It feels like we are finally awakening from a long nightmare where national security policy was being set by sugar-infused 5th graders who got their foreign policy training by watching back-to-back episodes of Barney.
Can we please take a shot at understanding the threats we will likely face over the next twenty years? Can we then design a military that is capable of handling those threats?
Not that it is just the Obama administration that has proven itself unbelievably incompetent in this area, we have a long embarrassing history of allowing politics to dictate readiness. It would be nice to break the trend. We were in the middle of severe cutbacks in our armed forces based on a “peace dividend” theory that said that since the Soviet Union collapsed that we no longer needed a large, heavy-division, combined-arms based military. Then – we had to face at least two wars with opponents based on the Soviet model. Large, heavy-division-based tactics.
We won, largely due to the complete incompetence of our opponents, poor leadership, and outclassed weaponry. Keep in mind, we were coming off of our peak of readiness to fight the heavy division battle of the future. Also, our opponents were operating without their support structure of Soviet advisers and access to newer Soviet equipment and parts.
Since then we have continued to draw down our military, and focus primarily on small unit patrol and raid operations. Our elites in DC seem to have a problem in separating tactics from strategic risks.
Sure, we can drone-strike whoever we want in the Middle East. And, we can send guys in to kick in doors in urban environments. And, we can send in observers to watch the various armed groups blunder through confrontation after confrontation. To what end?
Did our military positioning do anything to prevent the Russian invasion of Georgia or the Ukraine? What message does our military positioning send to the big threats in the world like Iran, Russia, China or North Korea? Watch out Putin, we will drone-strike some of your lower-level officials in the contested territory in the Ukraine? Really?
Finally, belatedly, we are frantically running through an exercise I call Reforger Redux. (Reforger was an acronym Return of Forces to Germany to augment our forward positioned units should the Soviet Union invade Europe.) And no Obama, this isn’t the 80’s asking for their national security strategy back. (Snarky, but ignorant.) Geopolitics is geopolitics and all the tree-hugging and Barney-song singing in the world isn’t going to change it.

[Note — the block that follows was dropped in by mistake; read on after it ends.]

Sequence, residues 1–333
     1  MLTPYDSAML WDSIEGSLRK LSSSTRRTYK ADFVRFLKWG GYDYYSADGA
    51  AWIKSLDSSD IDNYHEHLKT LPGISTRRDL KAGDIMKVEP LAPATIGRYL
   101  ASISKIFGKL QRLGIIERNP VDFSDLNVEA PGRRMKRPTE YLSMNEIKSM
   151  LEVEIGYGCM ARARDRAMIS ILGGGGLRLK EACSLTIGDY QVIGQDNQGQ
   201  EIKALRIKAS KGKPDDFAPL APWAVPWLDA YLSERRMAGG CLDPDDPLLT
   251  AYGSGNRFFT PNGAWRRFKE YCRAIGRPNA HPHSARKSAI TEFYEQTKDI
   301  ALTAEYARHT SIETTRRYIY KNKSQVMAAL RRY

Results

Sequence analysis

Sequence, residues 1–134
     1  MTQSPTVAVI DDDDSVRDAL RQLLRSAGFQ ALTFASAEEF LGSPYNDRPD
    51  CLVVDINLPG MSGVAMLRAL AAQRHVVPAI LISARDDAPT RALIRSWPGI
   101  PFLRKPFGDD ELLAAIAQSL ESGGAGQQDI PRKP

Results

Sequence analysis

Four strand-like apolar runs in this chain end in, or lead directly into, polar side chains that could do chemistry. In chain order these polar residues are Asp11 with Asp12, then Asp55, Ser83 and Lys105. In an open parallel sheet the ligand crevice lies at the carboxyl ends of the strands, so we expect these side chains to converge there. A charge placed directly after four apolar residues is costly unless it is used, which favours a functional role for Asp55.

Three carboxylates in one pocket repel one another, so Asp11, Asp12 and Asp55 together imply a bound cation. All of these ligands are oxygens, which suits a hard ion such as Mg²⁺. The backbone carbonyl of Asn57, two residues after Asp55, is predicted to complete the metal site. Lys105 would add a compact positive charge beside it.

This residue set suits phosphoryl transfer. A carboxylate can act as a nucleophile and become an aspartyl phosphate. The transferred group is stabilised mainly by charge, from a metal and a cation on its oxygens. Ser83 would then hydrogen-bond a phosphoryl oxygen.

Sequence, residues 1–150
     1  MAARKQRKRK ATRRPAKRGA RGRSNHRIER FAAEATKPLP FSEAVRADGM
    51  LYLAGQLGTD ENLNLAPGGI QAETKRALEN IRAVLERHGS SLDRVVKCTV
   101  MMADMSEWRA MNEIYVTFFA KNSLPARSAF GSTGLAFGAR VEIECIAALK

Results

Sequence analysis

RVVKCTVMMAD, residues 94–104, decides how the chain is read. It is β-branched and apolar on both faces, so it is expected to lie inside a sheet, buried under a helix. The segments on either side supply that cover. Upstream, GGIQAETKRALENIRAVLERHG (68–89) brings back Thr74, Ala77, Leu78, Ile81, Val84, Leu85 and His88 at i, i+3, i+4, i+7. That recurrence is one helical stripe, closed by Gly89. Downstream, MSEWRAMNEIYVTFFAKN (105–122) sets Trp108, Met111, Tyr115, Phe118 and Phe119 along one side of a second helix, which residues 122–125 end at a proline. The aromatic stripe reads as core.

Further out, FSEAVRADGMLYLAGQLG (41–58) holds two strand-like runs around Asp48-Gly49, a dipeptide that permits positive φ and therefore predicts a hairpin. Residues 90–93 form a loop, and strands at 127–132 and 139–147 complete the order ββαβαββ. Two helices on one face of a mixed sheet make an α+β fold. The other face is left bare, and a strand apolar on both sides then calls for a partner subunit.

Russia’s strategic center is exposed, and it has always been exposed, to invasion from the West. There are no natural lines of defense in this direction and the landscape is perfectly suited for large armor formations. So, Soviet was and now Russian defense is focused on heavy division structures, and building a buffer to its West to protect itself. Until the geography changes, this will always be the Russian focus, which creates an existential threat to all of the European countries bordering it.
Since this has always been the case, it makes one wonder why we removed all of our heavy units from Germany in the first place? The geography didn’t change, the aspirations of Putin have been clear from day one, and he is a threat to the security of Europe, period. But our politicians in DC apparently couldn’t, or wouldn’t learn from history.
As we now frantically try to establish new bases in Eastern Europe and push armor units forward to be a credible force we are very weak and exposed. We don’t have the forces in place yet, we don’t have the logistics in place to sustain those forces, and we don’t have a network of partners to fill in the gap should something occur while we try to fix the problem. And, we are still drawing down our military.
The whole boots on the ground question is a red herring. We need forces in the right locations structured correctly in order to respond to the strategic threat, period. These military leaders that wisely nod their heads recognizing the threat, then claiming that we cannot put “boots on the ground” and must rely on others are simply politicians in uniform. We should never submit our strategic decision making to popularity polls of those that have only the vaguest clue of what the true issues are.
We need a heavy, combined arms formation in Europe if we decide we want to defend our interests there. We need a slightly different mix in the Korean peninsula based on the landscape. If we want a strong position in the Middle East we need a force capable of countering the threat from Iran.
Wishful thinking is not going to preserve our interests going forward. We have seen a significant reduction in our standing in the world based on ideological rather than strategic planning. We can argue about how to pay for what we need, but how we pay for it doesn’t change what the threat is.